That said, my only experience with software audits is with Microsoft. It was quite a galling experience because the company I worked had spent a lot of money and time insuring that only licensed software was running on the machines. After that good faith expense, the BSA comes in and demands an audit. They basically hi jack our hardware people for a week, cause no end of interruptions to the development of our product, install gods knows what on all out machines, and wreak general mayhem. If course we could have avoided the entire thing by paying the "protection" fee. They treat the customers like addicts. It like you get the drug free know, and when you are hooked, we will exact the price.

(not help) If BSA was 100% effective.. (1)

SaberTaylor (150915) | more than 11 years ago | (#3417142)

the monopoly barriers would fall to increased free software usage.

can you think of a less awkward slogan for this concept? -->

"friends don't help friends bootleg shackles"

If you have proprietary software you are screwed (2)

mikethegeek (257172) | more than 11 years ago | (#3417151)

It's in the EULA, unfortunately... They can audit you anytime they wish. To not let them do so breaches your licenses.

For God's sake, READ THOSE EULAs! If more schools, businesses, orgs, paid attention to what they were signing themselves up to, one of two things would happen:

1. They'd opt for more "Free" as in freedom software that does not have such draconian strings

2. There would be FAR more pressure to change or limit what can be put in EULA's..

But, the bottom line, the EULA is a contract that your org agreed to soon as you clicked "I agree". Submission to the BSA is one of those things they agreed to.

Sure, much of it MAY be illegal and unenforceable, including the BSA audits, BUT, because you all "signed" the contract, it's up to your org to go to court and PROVE it...

well within their rights (2)

tps12 (105590) | more than 11 years ago | (#3417155)

Preparing to be flamed/modded down...

Let's be reasonable here. This is an industry group. They are not a company or corporation, or even a government body. That is, they don't have shareholders, and they don't get to take home bonuses if they have a "good year." In fact, the people at the BSA would consider the best year to be one in which they have no work at all.

Why? Because the BSA exists for no other purpose than to protect the investments of software companies. Whose products benefit us all (yes, even we Linux customers...for surely the software in use by banks, at the DMV, at "the club," etc. are not all free!).

So step back a bit, and calm down. If you do have illegal software, well, what is your defense? To be frank, that is illegal and immoral, and definitely does not make your university a role model for students, IMHO.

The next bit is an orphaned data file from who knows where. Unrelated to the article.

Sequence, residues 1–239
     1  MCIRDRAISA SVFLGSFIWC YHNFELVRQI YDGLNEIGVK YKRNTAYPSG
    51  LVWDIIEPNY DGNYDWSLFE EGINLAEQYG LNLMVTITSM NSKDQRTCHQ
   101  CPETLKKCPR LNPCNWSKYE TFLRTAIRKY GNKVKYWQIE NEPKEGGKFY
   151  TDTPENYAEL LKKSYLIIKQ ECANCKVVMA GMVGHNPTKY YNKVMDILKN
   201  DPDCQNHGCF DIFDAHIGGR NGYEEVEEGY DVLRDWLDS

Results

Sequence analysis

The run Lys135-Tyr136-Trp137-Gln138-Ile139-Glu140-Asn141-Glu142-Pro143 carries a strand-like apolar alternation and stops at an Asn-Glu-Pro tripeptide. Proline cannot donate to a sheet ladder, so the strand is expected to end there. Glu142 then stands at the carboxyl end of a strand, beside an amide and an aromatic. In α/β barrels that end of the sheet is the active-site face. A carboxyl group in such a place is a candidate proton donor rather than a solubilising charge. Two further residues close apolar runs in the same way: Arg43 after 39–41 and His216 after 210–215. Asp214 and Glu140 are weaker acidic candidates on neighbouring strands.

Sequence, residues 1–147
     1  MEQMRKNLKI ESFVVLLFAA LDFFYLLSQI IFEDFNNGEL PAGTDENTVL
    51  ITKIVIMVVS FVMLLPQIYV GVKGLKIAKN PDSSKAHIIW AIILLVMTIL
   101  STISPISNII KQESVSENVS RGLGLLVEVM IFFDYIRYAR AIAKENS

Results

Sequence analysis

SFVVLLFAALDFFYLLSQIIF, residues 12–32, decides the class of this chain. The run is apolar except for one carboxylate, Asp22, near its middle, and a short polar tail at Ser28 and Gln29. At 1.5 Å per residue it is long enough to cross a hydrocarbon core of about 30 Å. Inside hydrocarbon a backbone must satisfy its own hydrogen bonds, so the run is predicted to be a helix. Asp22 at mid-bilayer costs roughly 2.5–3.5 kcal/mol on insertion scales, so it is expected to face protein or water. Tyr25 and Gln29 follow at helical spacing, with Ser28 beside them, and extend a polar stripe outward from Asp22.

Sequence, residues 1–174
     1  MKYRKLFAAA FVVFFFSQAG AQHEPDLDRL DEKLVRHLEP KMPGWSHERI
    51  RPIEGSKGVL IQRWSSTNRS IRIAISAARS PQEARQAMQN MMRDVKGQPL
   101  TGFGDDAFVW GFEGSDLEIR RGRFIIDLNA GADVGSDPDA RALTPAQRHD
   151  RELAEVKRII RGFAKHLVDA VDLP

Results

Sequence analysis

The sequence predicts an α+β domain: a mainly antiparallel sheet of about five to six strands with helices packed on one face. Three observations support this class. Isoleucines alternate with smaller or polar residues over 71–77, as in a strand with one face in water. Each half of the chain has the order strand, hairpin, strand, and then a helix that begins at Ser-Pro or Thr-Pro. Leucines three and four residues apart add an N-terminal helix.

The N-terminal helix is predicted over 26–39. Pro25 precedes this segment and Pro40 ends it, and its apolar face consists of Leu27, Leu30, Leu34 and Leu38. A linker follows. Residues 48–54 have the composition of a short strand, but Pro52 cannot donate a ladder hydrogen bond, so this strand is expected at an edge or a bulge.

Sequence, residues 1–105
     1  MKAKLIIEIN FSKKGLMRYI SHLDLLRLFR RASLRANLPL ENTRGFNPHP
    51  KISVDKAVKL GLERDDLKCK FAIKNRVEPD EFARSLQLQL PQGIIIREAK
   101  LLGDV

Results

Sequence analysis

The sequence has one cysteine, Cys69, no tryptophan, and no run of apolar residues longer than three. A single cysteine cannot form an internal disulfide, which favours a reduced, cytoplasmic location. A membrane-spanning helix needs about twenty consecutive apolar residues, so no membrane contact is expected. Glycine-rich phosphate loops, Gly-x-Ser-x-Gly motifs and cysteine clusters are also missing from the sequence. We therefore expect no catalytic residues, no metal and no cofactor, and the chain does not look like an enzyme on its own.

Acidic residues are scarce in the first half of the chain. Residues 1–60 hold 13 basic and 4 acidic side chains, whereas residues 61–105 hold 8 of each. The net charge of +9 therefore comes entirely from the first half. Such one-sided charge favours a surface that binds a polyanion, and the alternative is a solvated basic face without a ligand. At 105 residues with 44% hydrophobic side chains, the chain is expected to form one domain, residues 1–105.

Remembering that IANAL, IIRC, if you don'thave any illegal or pirated software, what have you to hide? Basically, the fact that you are so worried about it indicates that you do have something to hide, and I have to say I feel sorry for you.

But not that sorry. After all, information regarding fines for pirating software was freely available to all who wanted to find it. If you then chose to ignore this, well, you took a risk. If you blew it, well, it sounds harsh, and IANAL, but I believe you are in trouble.

Good luck, and everyone, please remember. If you can't use free software (which does not fall under the BSA jurisdiction, IIRC), please keep it legal. The software industry benefits us all, especially at the university and business levels.

They may not have the right to come in, but.... (2, Interesting)

Jasonr1023 (554686) | more than 11 years ago | (#3417159)

I am sure that somewhere in the university there is a disgruntled, or ignorant employee that is more than willing to have private discussions with the BSA regarding the software that they and everyone else uses. Once armed with the conversations with "Insiders" then the BSA has a leg to stand on to get in with the law enforcement types and really force you to do things.

Oh, and so far as them requiring audit software on your computer... NO WAY can they do this! They would have to take you to court, sue you and win with some of the terms being software licensing monitoring.

They tried to force the company my mom worked at to do this. She called me, and we went ahead and just removed MS office from every machine and installed StarOffice.
Followed by a nice letter to the BSA and MS saying that they are going to go open source now b/c of the BS of the BSA

An Ounce of Prevention (2)

Artagel (114272) | more than 11 years ago | (#3417160)

The BSA often operates off tips from disgruntled former employees. A sufficiently credible employee, with a bad enough story, might be able to convince the feds to issue a warrant, but that is not likely. More likely is the threat to file a lawsuit.

No system will be perfect. If you implement systems to *try* to operate with properly licensed software, disgruntled former employee stories are less likely to stick, and once they see that a system is in place, the BSA will be able to see that litigation is not likely to be profitable on the occasional bad copy.

You'd rather be the angelic university that tried hard than the greedy pirating corporation that stole everything in sight.

They have no leverage!!! (1, Interesting)